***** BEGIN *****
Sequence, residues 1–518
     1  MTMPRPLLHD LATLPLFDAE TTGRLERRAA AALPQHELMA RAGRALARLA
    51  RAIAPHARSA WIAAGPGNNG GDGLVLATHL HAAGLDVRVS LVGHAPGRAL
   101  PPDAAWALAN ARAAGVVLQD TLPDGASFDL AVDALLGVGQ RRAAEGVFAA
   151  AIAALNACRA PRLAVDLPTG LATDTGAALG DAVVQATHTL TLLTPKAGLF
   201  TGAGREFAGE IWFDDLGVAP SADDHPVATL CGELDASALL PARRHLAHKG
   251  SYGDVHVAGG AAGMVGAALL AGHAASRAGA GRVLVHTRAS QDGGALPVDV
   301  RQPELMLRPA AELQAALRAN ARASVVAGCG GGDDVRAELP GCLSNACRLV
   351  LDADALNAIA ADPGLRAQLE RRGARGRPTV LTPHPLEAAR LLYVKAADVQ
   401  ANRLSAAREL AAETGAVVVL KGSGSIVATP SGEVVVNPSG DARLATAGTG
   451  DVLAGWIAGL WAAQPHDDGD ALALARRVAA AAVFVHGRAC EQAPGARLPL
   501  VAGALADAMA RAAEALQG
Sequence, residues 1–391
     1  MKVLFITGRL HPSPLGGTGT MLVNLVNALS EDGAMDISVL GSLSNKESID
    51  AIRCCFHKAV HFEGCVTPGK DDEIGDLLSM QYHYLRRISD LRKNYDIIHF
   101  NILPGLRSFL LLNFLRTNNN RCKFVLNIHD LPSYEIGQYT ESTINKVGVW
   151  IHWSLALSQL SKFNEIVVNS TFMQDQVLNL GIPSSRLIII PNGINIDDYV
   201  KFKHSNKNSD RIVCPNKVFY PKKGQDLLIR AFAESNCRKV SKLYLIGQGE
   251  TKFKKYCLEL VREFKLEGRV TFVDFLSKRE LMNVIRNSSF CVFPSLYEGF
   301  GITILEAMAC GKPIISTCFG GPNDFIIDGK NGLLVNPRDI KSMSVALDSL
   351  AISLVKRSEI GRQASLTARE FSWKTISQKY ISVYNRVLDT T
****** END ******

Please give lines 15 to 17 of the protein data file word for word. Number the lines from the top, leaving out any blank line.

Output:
    51  AIRCCFHKAV HFEGCVTPGK DDEIGDLLSM QYHYLRRISD LRKNYDIIHF
   101  NILPGLRSFL LLNFLRTNNN RCKFVLNIHD LPSYEIGQYT ESTINKVGVW
   151  IHWSLALSQL SKFNEIVVNS TFMQDQVLNL GIPSSRLIII PNGINIDDYV